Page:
What a 9-year-old Can Teach Us About Life One Saturday morning, I found myself standing and watching a Little League baseball game. I had a mask on my face and was safely isolated away from anyone else. It was so weird. But I enjoyed being outside in the sun, hearing the familiar sounds of a ball popping into leather and the pings of the bat when hitters made contact. It almost felt like the start of something new.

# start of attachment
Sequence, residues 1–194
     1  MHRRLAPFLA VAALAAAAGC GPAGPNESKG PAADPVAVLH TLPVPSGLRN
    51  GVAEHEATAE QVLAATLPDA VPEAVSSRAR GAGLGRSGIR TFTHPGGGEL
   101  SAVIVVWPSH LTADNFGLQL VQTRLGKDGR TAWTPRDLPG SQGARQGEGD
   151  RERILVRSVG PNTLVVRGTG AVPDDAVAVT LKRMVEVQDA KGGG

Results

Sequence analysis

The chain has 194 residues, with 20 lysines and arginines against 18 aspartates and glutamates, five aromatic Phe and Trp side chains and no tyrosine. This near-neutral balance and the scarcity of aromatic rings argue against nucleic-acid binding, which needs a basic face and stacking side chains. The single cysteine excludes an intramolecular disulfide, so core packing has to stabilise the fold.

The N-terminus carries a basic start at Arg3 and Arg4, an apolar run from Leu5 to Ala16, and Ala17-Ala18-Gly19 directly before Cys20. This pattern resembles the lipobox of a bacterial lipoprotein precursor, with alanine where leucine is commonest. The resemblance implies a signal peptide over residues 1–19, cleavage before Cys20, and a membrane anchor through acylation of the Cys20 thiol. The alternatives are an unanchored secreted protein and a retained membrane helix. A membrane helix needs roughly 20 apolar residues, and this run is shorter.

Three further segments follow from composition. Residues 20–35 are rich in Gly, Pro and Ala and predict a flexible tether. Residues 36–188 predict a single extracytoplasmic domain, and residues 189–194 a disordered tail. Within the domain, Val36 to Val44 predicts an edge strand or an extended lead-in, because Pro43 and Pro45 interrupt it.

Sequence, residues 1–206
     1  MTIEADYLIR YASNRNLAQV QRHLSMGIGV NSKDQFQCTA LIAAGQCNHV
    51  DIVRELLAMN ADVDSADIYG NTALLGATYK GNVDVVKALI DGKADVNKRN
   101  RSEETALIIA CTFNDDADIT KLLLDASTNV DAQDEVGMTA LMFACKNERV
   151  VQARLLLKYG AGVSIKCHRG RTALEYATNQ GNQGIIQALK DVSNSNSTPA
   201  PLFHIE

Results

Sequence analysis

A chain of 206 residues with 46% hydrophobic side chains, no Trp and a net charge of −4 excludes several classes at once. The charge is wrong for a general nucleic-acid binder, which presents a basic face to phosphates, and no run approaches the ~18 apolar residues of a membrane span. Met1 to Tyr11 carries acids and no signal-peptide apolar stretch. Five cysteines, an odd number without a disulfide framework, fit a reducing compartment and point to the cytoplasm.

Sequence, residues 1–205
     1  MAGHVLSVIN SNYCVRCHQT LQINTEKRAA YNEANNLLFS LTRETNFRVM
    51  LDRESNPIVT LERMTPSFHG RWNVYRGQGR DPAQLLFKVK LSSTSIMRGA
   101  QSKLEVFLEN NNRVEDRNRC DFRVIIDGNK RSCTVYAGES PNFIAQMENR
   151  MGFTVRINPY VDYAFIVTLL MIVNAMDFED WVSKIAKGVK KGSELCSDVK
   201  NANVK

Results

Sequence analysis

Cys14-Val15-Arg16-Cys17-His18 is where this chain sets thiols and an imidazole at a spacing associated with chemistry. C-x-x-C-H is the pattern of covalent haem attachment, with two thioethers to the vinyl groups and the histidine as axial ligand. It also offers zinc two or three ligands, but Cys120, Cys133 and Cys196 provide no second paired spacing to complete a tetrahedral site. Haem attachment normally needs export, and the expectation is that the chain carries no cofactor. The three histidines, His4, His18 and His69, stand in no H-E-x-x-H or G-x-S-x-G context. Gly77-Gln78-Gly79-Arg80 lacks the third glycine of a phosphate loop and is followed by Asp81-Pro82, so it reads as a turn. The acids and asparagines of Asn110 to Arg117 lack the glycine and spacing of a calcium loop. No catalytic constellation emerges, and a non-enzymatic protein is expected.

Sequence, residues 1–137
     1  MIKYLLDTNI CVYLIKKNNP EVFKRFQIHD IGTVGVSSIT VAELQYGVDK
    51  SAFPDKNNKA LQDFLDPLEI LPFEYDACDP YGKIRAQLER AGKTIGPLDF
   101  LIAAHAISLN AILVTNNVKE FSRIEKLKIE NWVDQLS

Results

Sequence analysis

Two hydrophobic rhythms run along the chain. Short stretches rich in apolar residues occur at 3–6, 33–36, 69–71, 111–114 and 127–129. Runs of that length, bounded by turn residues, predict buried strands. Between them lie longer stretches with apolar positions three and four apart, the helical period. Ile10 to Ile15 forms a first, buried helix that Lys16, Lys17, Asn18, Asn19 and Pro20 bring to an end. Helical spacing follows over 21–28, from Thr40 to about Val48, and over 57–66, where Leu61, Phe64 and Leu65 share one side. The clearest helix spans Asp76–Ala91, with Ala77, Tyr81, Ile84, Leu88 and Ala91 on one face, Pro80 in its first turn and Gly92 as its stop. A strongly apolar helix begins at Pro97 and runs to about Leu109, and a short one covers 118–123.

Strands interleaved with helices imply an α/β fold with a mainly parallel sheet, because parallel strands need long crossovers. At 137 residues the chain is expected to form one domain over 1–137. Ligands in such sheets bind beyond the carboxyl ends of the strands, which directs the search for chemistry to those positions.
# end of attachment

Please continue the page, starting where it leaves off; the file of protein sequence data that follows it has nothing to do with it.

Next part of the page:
A few years ago, the executives at banking giant Wells Fargo issued a new strategy for their business: the overall goal was to create long-term banking relationships with their customers. And to measure how well the company was executing on that strategy, they began tracking “cross-selling.” In other words, employees would be measured, and rewarded, based on the number of different accounts—from deposits and credit cards to auto loans and mortgages—a customer opened with the bank. The CEO at the time even coined a slogan: “eight is great” to illustrate the optimum number of accounts a customer might have with the bank. On paper, you could argue that the more accounts a customer had would likely equate with a longer-term relationship with the bank. But, if you’ve been paying attention to the news for the past few years, you know that things went spectacularly wrong.